So, I guess I can't help but blog about the baby growing inside of me "with our DNA" as our husband says. It's going to be so cool to see how he/she/they turn out!! haha. It's not declared multiples yet, so we'll just have to wait until our first appointment next Wednesday to find out all that fun stuff. I've inserted my thoughts in parenthesis. (Lame that I'm reading these things so early. But hey, it's the first one. What else can fill my nauseous life but reading weird internet articles?)
This is what the hokey internet quizzes/finder-outers say:
Congratulations! It's a boy! (The "necklace test", however, said GIRL!) According to the Chinese fertility calendar, you're expecting a son. Time to brush up on those baby boy names. (Are you kidding...brush up on our names? We have a list of 5 boy names and 5 girl names that we LOVE. It's going to be a difficult decision. I think we're going to wait until we see the baby to name him/her. Surprises are more fun!)
There's almost always a connection between genetics and environment. Musical talent is a classic example. People who have perfect pitch are four times more likely than those with only average singing voices to say that a relative has this natural gift. (I'm hoping for a future broadway star/worship leader... I'm just being honest. I love music/chorus/choir/madrigals/etc!). Yet research has also found that most people with perfect pitch started taking music lessons before age 6, and that only 3 percent of people who started voice lessons after age 9 have perfect pitch -- suggesting that both genetics and training affect one's singing voice. "It's simplistic to say that artistic and intelligence traits are determined by genetics, because even a gifted child needs the right environment to thrive," says Dr. Garber. Average IQ scores have gone up in the past 50 years thanks to changes such as better early-childhood education, experts say, not because we're innately smarter. And intelligence may run in families partly because bright parents tend to provide a richer learning environment -- by having more books, for example. In fact, two recent studies found that the IQ of firstborn children is slightly higher than that of their younger siblings -- possibly because they received more undivided attention. (this explains your ridiculous ACT score and valedictorian tendencies, and chemistry gifts Jill!)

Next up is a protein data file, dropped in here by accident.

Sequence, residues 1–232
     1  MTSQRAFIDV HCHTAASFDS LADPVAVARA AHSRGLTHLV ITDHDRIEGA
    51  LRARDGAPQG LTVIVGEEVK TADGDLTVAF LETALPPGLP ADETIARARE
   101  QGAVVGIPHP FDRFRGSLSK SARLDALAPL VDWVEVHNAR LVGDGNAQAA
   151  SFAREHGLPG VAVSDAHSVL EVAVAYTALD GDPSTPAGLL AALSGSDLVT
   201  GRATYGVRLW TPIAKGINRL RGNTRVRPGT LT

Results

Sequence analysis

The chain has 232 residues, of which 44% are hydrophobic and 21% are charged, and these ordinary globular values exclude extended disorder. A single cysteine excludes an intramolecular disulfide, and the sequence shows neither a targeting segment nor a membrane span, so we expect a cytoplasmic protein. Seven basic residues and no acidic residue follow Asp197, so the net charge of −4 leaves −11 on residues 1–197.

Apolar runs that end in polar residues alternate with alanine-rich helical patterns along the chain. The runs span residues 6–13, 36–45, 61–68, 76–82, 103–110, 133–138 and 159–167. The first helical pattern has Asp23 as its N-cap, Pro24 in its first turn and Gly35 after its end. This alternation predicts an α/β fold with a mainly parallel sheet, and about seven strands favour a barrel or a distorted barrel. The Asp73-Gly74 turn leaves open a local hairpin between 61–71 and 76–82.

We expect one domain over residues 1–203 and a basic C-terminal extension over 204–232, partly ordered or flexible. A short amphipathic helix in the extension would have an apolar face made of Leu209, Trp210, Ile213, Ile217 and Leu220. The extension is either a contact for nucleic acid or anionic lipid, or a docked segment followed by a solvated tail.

"Almost all talents need to be practiced," says Dr. Carey. "Even if you're genetically predisposed to be a great basketball player, you still need to shoot a lot of free throws." The environment a child grows up in can also affect other genetic traits. "The impact of genes for height can be modified by the foods you eat," says Dr. Bodurtha. "And environment is enormously important during development and early childhood. For example, your child could have genetic potential for a high IQ, but if you drank alcohol during pregnancy, it may be lower." (good thing I didn't drink that apple martini that I wanted so bad the day before we found out. Our kids will need to get full rides for college since we're having like 5...or 3...or we'll see haha)
Sometimes, our children pick up traits we don't intend to teach -- just by living with us. Nora Flanagan's 1-year-old son, Kevin, was adopted but has definitely taken on some family traits. "My two brothers and I have the same up-to-something smirk, and Kevin's got it down to the last detail," says Flanagan, of Chicago. He also has a boisterous laugh that leaves him out of breath, just like both of his adoptive parents. "We keep in touch with Kevin's birth mother, who is more reserved, and it's been eye-opening to see how he's a combination of all of us," says Flanagan. (Babies laughing sounds are probably the cutest sounds I've ever heard.)
I'm hoping the kids get Kevin's laidback-ness, his sports abilites, his muscles, his hair, maybe my eyes or fingernails...ok I just love my hubby. I'm okay if they're just like him! Seriously, God has blessed me with such a leader and man of God in Kevin and I'm so excited to see how our little one turns out. More updates to come (like the actual gender in until June.)
We're off to Europe in 13 days....Itinerary to come...